Predicting snowstorms on Mars

A view of the north polar ice cap on Mars, as seen by the Mars Reconnaissance Orbiter. Credit: NASA-JPL / Caltech
A view of the north polar ice cap on Mars, as seen by the Mars Reconnaissance Orbiter.
Credit: NASA-JPL / Caltech

Mars is famous for its duststorms, which can grow big enough to cover the entire planet. But did you know that it also has snowstorms? These storms can dump a lot of snow on the north polar cap during the bitterly cold winter, and now scientists say they can more accurately forecast them, it was reported yesterday, which would aid any future rover missions in these areas.

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The ‘red rose’ of Saturn: stunning new colour images of giant hurricane

Cassini image, in false colour, showing the massive "red rose" hurricane at Saturn's north pole. Credit: NASA / JPL-Caltech / Space Science Institute
Cassini image, in false colour, showing the massive “red rose” hurricane at Saturn’s north pole.
Credit: NASA / JPL-Caltech / Space Science Institute

Hurricanes are an incredible force of nature, and these huge rotating vortexes of wind are an amazing sight when viewed from space. But Earth is not the only planet that has hurricanes, and there is one on Saturn that dwarfs any on our own planet. Now, the Cassini spacecraft has taken more breath-taking colour images of this colossal wind storm.

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Cassini sees meteor impacts in Saturn’s rings

Just like planets and moons, Saturn’s rings experience frequent meteor impacts. Credit: NASA / JPL
Just like planets and moons, Saturn’s rings experience frequent meteor impacts.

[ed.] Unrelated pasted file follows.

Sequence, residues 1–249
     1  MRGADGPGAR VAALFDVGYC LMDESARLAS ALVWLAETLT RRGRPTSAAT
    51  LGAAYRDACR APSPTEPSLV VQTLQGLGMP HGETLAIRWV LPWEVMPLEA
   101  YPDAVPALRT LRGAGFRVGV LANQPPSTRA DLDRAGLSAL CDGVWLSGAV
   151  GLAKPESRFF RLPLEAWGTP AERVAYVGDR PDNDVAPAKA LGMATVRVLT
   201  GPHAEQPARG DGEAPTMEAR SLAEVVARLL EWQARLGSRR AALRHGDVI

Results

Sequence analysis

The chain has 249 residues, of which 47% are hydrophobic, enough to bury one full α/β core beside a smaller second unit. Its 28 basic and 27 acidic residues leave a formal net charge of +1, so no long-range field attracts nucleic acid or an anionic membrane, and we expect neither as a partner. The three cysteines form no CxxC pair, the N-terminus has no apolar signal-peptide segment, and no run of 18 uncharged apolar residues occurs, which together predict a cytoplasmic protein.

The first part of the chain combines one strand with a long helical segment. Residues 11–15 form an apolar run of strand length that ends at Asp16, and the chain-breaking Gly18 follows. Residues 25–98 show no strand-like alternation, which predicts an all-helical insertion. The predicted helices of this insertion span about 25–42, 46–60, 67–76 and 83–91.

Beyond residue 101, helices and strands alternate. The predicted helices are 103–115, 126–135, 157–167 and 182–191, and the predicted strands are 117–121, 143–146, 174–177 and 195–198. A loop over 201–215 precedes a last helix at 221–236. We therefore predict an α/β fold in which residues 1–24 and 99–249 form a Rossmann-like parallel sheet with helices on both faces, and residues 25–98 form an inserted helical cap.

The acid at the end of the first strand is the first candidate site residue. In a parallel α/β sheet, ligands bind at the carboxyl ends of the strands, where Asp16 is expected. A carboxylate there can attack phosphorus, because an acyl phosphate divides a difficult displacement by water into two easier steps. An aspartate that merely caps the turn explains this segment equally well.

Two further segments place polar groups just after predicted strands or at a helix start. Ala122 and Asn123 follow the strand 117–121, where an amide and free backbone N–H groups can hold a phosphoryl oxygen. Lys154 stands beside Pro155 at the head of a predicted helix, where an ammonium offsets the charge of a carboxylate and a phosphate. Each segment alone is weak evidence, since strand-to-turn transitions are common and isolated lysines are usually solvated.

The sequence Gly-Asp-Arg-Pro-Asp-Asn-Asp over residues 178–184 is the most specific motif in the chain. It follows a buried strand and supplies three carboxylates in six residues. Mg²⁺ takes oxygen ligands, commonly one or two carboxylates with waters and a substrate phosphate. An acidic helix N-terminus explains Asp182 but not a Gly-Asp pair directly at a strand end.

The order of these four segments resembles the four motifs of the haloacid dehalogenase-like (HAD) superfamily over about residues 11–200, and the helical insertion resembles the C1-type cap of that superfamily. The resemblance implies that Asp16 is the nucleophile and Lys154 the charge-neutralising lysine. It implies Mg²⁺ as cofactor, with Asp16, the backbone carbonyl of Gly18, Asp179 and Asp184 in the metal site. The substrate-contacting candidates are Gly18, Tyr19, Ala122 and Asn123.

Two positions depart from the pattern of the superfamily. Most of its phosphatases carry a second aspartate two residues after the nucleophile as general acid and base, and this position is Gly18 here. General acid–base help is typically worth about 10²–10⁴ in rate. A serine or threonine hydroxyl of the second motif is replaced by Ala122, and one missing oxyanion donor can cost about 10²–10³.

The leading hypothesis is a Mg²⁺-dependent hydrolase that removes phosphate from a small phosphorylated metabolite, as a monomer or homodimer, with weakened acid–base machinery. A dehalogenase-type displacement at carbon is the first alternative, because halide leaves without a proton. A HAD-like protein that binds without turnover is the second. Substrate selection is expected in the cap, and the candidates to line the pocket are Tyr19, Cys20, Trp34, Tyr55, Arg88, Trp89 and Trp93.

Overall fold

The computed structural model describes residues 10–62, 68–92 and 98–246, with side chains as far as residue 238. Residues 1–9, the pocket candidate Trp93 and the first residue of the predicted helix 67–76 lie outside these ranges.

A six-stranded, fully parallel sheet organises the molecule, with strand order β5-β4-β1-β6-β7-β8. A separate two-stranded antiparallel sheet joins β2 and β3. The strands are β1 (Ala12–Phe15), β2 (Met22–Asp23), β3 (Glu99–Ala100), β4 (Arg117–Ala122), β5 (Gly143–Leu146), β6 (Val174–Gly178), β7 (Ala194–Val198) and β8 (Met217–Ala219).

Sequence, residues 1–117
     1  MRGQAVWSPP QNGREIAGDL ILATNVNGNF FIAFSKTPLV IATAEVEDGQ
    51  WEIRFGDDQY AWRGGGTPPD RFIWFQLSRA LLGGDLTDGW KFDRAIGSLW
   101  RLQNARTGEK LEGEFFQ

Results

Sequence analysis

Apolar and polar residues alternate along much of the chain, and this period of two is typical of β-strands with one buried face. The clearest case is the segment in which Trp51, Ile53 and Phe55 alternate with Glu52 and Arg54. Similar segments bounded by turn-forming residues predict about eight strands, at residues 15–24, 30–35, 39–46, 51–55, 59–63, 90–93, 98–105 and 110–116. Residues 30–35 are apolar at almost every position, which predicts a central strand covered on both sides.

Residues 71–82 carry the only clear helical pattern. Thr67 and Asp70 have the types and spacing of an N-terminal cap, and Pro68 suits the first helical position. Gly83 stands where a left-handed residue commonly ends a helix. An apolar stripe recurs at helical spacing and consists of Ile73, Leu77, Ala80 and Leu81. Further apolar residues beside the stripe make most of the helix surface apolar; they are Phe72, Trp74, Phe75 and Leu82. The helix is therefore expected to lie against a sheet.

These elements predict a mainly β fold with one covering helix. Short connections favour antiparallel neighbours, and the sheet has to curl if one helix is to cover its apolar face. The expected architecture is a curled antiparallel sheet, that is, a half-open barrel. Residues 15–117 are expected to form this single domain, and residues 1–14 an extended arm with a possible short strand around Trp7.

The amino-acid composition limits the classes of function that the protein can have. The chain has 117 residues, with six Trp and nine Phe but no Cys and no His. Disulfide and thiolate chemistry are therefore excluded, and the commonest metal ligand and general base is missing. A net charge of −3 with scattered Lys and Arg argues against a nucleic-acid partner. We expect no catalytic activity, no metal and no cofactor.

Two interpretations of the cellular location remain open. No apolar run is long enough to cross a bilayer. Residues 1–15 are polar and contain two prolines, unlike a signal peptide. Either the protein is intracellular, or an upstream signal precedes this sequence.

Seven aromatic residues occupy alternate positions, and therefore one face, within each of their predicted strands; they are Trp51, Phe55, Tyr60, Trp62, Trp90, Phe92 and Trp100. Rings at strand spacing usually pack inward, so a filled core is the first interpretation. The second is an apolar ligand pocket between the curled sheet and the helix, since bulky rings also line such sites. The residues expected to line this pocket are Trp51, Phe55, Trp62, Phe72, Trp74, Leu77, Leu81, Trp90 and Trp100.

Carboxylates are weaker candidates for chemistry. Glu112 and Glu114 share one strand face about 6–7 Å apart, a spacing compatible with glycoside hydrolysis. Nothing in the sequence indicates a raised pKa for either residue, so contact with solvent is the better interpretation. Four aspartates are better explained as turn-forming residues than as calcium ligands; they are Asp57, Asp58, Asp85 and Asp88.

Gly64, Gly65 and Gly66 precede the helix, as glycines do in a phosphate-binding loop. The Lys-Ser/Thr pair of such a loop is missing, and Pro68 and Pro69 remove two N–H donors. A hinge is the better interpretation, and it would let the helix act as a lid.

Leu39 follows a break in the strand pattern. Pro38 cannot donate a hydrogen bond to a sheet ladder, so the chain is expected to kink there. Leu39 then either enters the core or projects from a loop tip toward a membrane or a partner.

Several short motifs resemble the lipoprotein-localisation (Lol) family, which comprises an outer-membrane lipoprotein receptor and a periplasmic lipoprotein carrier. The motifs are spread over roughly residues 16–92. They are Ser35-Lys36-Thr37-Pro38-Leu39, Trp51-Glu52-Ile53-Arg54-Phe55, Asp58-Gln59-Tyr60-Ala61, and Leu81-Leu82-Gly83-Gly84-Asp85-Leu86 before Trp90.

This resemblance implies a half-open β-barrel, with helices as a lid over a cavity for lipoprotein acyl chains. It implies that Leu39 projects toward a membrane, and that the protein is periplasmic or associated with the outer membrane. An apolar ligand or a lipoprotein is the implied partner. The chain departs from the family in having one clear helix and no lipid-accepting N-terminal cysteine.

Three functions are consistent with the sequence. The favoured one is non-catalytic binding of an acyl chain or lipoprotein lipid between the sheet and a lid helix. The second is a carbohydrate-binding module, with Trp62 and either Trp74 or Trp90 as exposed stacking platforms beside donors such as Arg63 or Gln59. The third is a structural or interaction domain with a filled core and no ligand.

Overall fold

Credit: NASA / JPL

Meteors flashing across the sky are a common sight here on Earth, but of course they are not limited to only our planet; these bits of rocky debris, smaller pieces of asteroids and comets known as meteoroids, can be found just about everywhere in the solar system (becoming meteors when entering and burning up in the atmosphere). Now, the Cassini spacecraft has observed similar impacts occurring in another very different and far-away place: the rings of Saturn!

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There’s a lot of water in Jupiter’s atmosphere, thanks to comet impact

Dark scars in Jupiter's upper atmosphere created by the Shoemaker-Levy 9 impact in 1994, as photographed by the Hubble Space Telescope. Credit: Hubble Space Telescope / NASA
Dark scars in Jupiter’s upper atmosphere created by the Shoemaker-Levy 9 impact in 1994, as photographed by the Hubble Space Telescope. Credit: Hubble Space Telescope / NASA

The impact of comet Shoemaker-Levy 9 into Jupiter in 1994 was a spectacular event for astronomers. The scars in Jupiter’s atmosphere lasted for weeks afterward; while those have long since faded, there are still other features of the impact visible even now, it was announced last Tuesday.

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